California approves expanded restrictions on water use

Ryan Chan, Senior staff member

Tighter restrictions on water usage are being implemented throughout California after state regulators announced new water conservation rules.

The regulations passed on March 17 by the State Water Resource Control Board and are aimed at homes and businesses throughout California, with a particular emphasis on ending excessive outdoor water usage, according to the SF Gate,

The State Water Resource Control Board is expanding emergency conservation regulations according to their website, which include limiting outdoor watering to two days a week, and fines of up to $500. In addition to limited outdoor use, restaurants and bars are only permitted to serve water upon request. The new rules also call for hotels to ask multi-night patrons if they want their sheets and towels laundered.

As California enters its fourth year of drought with little relief, we can expect to see further legislation to intensify water conservation efforts. Many Diablo Valley College students are concerned about the effects of the current drought.

Psychology major Aileen Semjan, 21, noticed the lack of water.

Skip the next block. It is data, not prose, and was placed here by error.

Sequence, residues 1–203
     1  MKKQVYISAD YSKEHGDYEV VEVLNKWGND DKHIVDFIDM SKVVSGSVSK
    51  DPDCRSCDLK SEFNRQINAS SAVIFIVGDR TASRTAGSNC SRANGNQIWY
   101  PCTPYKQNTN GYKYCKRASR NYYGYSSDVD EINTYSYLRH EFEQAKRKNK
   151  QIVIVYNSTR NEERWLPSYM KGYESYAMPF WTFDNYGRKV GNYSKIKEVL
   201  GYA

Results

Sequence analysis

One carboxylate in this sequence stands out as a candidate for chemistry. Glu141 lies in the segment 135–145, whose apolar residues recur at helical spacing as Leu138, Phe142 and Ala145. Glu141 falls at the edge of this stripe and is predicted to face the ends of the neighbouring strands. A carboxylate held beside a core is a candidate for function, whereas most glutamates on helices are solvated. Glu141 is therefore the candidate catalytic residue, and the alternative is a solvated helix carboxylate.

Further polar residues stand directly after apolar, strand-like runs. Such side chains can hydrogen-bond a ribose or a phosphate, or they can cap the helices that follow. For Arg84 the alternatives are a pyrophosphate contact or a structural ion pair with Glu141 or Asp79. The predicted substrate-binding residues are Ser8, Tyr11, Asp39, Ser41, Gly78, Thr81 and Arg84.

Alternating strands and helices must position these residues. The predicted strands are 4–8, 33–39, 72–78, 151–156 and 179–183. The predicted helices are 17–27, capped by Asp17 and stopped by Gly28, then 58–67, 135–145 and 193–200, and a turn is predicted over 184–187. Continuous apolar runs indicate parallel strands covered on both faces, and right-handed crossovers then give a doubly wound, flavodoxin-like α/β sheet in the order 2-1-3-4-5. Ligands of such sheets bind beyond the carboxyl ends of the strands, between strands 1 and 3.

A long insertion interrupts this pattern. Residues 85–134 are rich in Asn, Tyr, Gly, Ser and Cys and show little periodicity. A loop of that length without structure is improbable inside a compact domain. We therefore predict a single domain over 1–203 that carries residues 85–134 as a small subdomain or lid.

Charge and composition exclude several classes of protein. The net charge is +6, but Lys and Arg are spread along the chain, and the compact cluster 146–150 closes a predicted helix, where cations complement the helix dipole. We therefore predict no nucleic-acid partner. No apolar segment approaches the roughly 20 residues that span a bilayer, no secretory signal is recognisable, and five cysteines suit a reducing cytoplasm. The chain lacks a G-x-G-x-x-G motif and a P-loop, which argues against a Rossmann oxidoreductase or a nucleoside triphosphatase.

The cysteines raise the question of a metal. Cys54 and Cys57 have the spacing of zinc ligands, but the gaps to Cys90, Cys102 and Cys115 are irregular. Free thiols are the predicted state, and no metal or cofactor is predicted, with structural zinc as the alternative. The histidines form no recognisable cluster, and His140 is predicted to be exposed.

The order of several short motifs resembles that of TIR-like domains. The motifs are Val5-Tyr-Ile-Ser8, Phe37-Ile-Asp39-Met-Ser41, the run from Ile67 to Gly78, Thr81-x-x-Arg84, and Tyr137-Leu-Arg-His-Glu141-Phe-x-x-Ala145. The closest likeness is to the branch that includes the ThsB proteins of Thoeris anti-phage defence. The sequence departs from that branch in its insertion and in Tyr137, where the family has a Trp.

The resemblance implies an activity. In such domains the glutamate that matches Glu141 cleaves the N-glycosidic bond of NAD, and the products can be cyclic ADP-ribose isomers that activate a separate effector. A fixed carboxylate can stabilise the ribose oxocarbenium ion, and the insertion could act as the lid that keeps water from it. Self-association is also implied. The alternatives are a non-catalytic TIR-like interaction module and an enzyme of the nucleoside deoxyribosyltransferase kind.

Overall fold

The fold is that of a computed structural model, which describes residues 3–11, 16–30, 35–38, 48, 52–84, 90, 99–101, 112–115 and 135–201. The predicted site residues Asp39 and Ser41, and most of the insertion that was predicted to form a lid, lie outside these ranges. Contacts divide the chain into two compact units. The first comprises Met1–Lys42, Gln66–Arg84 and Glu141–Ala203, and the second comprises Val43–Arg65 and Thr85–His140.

“I’ve always tried to be conservative with water,” she said. “I’m a snowboarder and, this year there wasn’t any snow so I was pretty disappointed.”

Other students such as 19-year-old Gabriel Panaramos were grateful the drought hasn’t affected Contra Costa County as hard as other districts.

“We’re pretty lucky we haven’t been affected as hard as other dryer counties,” Panaramos said. “It’s a pain as it is with the state in a panic for a while now.”

Yet some students didn’t agree with the changes made by the state. Semjan found the demands for restaurants to serve water only upon request a bad idea.

“Most restaurants should still ask even amid requests by the state,” Semjan said. “I worked in restaurants before, and we serve hundreds of glasses to customers.”

History major Cole White, 21, believes the issue should have been addressed properly long ago.

“This was preventable five years ago,” White said. “I work in irrigation, specifically with sprinklers, and there are no water limits in Los Angeles and Southern California. This is very similar to the 1974-1975 drought requests to empty pools and the like. There’s so much water we could have saved a week over time.”

The rules are expected to take effect during late May or early April during a 270-day emergency period, though some rules will be considered for permanent implementation.